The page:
Did this review help to inform your camera decision process? In case you are interested in seeing how other cameras pair up, just make your choice using the following search menu. Alternatively, you can follow any of the listed hyperlinks for comparisons that others found interesting.
- Canon 5D vs Sony A7 II
- Canon G1 X Mark II vs Sony A7 II
- Fujifilm X-T10 vs Sony A7 II
- Nikon D3200 vs Sony A7 II
- Nikon D3500 vs Panasonic S1R
- Olympus E-PL8 vs Sony A7 II
- Panasonic LX100 II vs Panasonic S1R
- Panasonic S1R vs Pentax K-1
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- Pentax K-3 II vs Sony A7 II
- Sony A6000 vs Sony A7 II
- Sony A7 vs Sony A7 II
Specifications: Panasonic S1R vs Sony A7 II
Below is a side-by-side comparison of the specs of the two cameras to facilitate a quick review of their differences and common features.
|Camera Model||Panasonic S1R||Sony A7 II|
|Camera Type||Mirrorless system camera||Mirrorless system camera|
|Camera Lens||Leica L mount lenses||Sony E mount lenses|
|Launch Date||February 2019||November 2014|
|Launch Price||USD 3699||USD 1999|
|Sensor Specs||Panasonic S1R||Sony A7 II|
|Sensor Format||Full Frame Sensor||Full Frame Sensor|
|Sensor Size||36.0 x 24.0 mm||35.8 x 23.9 mm|
|Sensor Area||864 mm2||855.62 mm2|
|Sensor Diagonal||43.3 mm||43 mm|
|Sensor Resolution||46.7 Megapixels||24 Megapixels|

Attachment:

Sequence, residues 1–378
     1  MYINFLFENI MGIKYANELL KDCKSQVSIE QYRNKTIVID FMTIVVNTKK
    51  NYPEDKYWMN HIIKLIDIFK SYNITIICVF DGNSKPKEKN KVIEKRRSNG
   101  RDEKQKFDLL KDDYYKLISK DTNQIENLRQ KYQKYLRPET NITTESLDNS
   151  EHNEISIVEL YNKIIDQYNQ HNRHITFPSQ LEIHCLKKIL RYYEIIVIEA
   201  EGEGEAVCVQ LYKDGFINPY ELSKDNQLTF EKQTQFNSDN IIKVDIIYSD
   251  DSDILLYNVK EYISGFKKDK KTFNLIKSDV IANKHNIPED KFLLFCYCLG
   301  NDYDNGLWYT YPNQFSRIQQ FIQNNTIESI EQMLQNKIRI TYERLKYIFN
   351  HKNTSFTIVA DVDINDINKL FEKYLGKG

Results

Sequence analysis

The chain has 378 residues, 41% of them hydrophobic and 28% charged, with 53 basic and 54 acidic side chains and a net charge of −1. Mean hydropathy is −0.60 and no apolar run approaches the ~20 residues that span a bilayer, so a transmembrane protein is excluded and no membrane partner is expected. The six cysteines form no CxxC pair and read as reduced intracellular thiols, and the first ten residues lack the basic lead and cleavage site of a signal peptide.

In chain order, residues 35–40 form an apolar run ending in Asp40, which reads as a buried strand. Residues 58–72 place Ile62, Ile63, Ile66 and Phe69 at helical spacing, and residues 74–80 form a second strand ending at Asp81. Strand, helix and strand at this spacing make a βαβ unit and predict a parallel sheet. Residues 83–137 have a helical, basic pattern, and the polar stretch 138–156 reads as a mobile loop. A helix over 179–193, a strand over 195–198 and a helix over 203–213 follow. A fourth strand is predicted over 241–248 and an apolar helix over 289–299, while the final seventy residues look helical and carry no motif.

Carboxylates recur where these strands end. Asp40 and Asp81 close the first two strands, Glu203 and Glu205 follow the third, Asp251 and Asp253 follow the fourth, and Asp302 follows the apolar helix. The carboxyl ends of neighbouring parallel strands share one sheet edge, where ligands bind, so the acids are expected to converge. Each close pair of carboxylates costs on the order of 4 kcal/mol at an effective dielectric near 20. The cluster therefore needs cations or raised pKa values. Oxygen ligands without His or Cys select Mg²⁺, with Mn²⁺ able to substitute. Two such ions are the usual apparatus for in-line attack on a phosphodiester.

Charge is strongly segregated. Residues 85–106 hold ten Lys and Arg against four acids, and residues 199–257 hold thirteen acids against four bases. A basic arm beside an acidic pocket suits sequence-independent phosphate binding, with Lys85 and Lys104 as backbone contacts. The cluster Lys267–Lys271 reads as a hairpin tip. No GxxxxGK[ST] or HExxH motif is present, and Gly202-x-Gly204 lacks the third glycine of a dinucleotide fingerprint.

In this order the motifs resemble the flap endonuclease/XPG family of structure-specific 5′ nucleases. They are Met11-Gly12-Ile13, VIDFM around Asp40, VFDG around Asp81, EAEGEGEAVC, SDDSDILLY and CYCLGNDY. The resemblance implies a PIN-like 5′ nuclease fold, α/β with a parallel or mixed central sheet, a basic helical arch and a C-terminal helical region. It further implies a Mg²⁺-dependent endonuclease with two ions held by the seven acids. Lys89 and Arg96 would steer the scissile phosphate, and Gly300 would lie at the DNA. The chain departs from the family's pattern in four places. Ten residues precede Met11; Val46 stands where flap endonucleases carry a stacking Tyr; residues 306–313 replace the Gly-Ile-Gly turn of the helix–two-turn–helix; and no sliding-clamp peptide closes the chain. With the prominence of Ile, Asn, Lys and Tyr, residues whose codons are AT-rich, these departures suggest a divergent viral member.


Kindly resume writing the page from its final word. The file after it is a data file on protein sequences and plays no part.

|Image Resolution||8368 x 5584 pixels||6000 x 4000 pixels|
|Pixel Pitch||4.30 μm||5.97 μm|
|Pixel Density||5.41 MP/cm2||2.80 MP/cm2|
|Moiré control||no AA filter||Anti-Alias filter|
|Movie Capability||4K/60p Video||1080/60p Video|
|ISO Setting||100-25600 ISO||100-25600 ISO|
|ISO Boost||50-51200 ISO||50-51200 ISO|
|Image Processor||Venus||BIONZ X|
|DXO Sensor Quality (score)||100||90|
|DXO Color Depth (bits)||26.4||24.9|
|DXO Dynamic Range (EV)||14.1||13.6|
|DXO Low Light (ISO)||3525||2449|
|Screen Specs||Panasonic S1R||Sony A7 II|
|Viewfinder Type||Electronic viewfinder||Electronic viewfinder|
|Viewfinder Field of View||100%||100%|
|Viewfinder Resolution||5760k dots||2400k dots|
|Top-Level Screen||Control Panel||no Top Display|
|LCD Framing||Live View||Live View|
|Rear LCD Size||3.2 inch||3.0 inch|
|LCD Resolution||2100k dots||1230k dots|
|LCD Attachment||Fully flexible screen||Tilting screen|
|Touch Input||Touchscreen||no Touchscreen|
|Shooting Specs||Panasonic S1R||Sony A7 II|
|Autofocus System||Contrast-detect AF||On-Sensor Phase-detect|
|Manual Focusing Aid||Focus Peaking||Focus Peaking|
|Max Shutter Speed (mechanical)||1/8000/s||1/8000/s|
|Continuous Shooting||9 shutter flaps/s||5 shutter flaps/s|
|Shutter Life Expectancy||400 000 actuations||200 000 actuations|
|Electronic Shutter||up to 1/8000s||no E-Shutter|
|Image Stabilization||In-body stabilization||In-body stabilization|
|Fill Flash||no On-Board Flash||no On-Board Flash|
|Storage Medium||SDXC or XQD cards||MS or SDXC cards|
|Second Storage Option||Dual card slots||Single card slot|
|UHS card support||Dual UHS-II||UHS-I|
|Connectivity Specs||Panasonic S1R||Sony A7 II|
|Studio Flash||PC Sync socket||no PC Sync|
|USB Connector||USB 3.1||USB 2.0|
|HDMI Port||full HDMI||micro HDMI|
|Microphone Port||External MIC port||External MIC port|
|Headphone Socket||Headphone port||Headphone port|
|Wifi Support||Wifi built-in||Wifi built-in|
|Near-Field Communication||no NFC||NFC built-in|
|Bluetooth Support||Bluetooth built-in||no Bluetooth|
|Body Specs||Panasonic S1R||Sony A7 II|
|Environmental Sealing||Weathersealed body||Weathersealed body|
|Battery Type||DMW-BLJ31 power pack||NP-FW50 power pack|
|Battery Life (CIPA)||380 shots per charge||350 shots per charge|
|In-Camera Charging||USB charging||USB charging|
149 x 110 x 97 mm
(5.9 x 4.3 x 3.8 in)
127 x 96 x 60 mm
(5.0 x 3.8 x 2.4 in)
|Camera Weight||1016 g (35.8 oz)||599 g (21.1 oz)|